On June 12, at the Goddard Space Flight Center in Greenbelt, Maryland, NASA posthumously awarded the Exceptional Public Service Medal to University of Maryland Distinguished University Professor Michael F. A'Hearn, one of the world's leading cometary scientists. The NASA Medal is for “fundamental work on comets and small bodies of the solar system, leadership in space missions, and ensuring public access to data from NASA missions and related projects.”
A'Hearn, who died on May 29 at his home in University Park, Maryland at the age of 76, was most widely known as the principal investigator (PI) of the NASA Deep Impact mission. On July 4, 2005, the spacecraft released a washing-machine-sized probe that collided spectacularly with comet Tempel 1, while the main spacecraft observed the results. The powerful impact gave scientists their first-ever view of pristine material inside a comet and garnered massive public attention for planetary science, solar system exploration, NASA and the University of Maryland.
The impact was also observed by NASA and other space telescopes and from Earth by many professional groundbased telescopes and thousands of amateur astronomers. The event set a then NASA record for webpage hits (more than 1 million) and drew front-page news coverage by broadcast, print and web media outlets around the world.
“Mike A’Hearn devoted his life to exploration, and his work has transformed our understanding of what comets are made of and how they interact within our corner of the universe,” said Jim Green, director of NASA’s Planetary Science Division. “This is a great loss for the small bodies community and for me personally.”
After Deep Impact’s original mission ended, A'Hearn and his science team convinced NASA to use the surviving primary spacecraft for continued cometary studies. With A'Hearn as PI, the project embarked on an extended mission, designated EPOXI, with dual purposes-- studying extrasolar planets and comet Hartley 2. On the way to Hartley 2, the Deep Impact spacecraft flew between the Earth and the Moon. Its instruments were able to confirm the surprising presence of water on the Moon’s surface. The Deep Impact spacecraft later imaged two other comets-- C/2009 P1 Garradd (in 2012), which had a surprisingly high carbon monoxide content, and C/2012 S1 ISON (in 2013), a comet that disintegrated as it grazed past the Sun. The images and findings of these later missions further advanced comet science and attracted more media and public attention.
When NASA lost contact with the Deep Impact spacecraft in September 2013, A’Hearn said: “Deep Impact has been a principal focus of my astronomy work for more than a decade and I’m saddened by its functional loss. But, I’m very proud of the many contributions to our evolving understanding of comets that it has made possible.”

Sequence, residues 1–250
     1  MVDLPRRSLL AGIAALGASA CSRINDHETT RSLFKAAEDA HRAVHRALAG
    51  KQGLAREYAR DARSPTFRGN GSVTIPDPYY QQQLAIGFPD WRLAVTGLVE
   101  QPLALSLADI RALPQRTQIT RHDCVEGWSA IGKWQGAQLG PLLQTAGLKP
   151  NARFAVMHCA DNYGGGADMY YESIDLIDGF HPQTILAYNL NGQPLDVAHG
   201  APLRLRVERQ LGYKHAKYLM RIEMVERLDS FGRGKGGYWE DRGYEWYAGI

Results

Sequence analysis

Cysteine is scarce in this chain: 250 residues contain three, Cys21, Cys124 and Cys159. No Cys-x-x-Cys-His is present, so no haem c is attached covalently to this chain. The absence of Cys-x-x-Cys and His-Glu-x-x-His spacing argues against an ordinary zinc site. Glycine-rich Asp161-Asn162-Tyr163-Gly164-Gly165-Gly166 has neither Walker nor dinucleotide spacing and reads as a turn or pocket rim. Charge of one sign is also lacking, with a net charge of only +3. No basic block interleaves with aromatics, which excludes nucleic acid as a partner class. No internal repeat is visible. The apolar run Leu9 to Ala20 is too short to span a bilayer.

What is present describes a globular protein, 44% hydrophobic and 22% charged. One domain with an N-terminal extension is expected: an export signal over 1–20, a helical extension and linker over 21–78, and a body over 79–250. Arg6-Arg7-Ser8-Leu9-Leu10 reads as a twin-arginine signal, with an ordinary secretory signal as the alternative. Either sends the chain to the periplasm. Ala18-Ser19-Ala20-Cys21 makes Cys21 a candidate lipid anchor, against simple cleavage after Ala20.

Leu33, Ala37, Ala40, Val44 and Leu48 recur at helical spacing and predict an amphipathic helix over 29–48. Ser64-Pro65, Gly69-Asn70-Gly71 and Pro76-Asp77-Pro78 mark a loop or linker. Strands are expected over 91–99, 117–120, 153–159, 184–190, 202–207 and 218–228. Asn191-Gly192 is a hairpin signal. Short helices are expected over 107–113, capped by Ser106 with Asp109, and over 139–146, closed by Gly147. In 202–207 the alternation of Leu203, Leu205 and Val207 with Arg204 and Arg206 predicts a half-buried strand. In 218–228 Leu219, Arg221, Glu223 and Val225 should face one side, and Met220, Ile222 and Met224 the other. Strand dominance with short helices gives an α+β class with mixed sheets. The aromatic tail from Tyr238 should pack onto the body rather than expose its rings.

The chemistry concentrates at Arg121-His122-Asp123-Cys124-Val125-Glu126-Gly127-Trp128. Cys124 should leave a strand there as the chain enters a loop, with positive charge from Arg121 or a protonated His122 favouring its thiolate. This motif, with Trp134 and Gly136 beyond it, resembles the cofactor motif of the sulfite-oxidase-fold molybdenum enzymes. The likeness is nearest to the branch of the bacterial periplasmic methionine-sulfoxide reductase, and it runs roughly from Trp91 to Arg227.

Illuminating the Primordial Dust
He looked at comets across the range of light (electromagnetic radiation) wavelengths from extreme ultraviolet radiation to visible light to radio waves. In particular, in the 1970’s he pioneered the study of comets in the ultraviolet, using the International Ultraviolet Explorer space telescope, coordinated the world’s ground-based observations of comet Halley in the 80’s, and in the 90’s compiled the most comprehensive set of compositional data of comets to date.
A’Hearn’s post-Deep Impact work included being co-investigator on the Stardust-NExT mission to re-visit comet Tempel 1, which documented changes on the comet’s surface since Deep Impact, and a co-investigator on two instrument teams (the OSIRIS camera and the NASA Alice ultraviolet spectrograph), on the European Space Agency’s Rosetta mission, which co-orbited and landed on comet Churyumov–Gerasimenko.
In addition to being a pillar of cometary science, another major contribution to planetary science was A'Hearn’s nearly three decades as principal investigator for the Small Bodies Node, which is the part of NASA's Planetary Data System that specializes in the archiving, cataloging, and distributing scientific data sets relevant to asteroids, comets and interplanetary dust. A founder and advocate for the Planetary Data System, A’Hearn championed its mission to preserve data of planets and make it publically accessible for use by future generations as they seek answers to questions that current researchers don’t even know to ask. Under his leadership, the Small Bodies Node developed from a two-person group to a strong, UMD-based, organization of 18 scientists and programmers.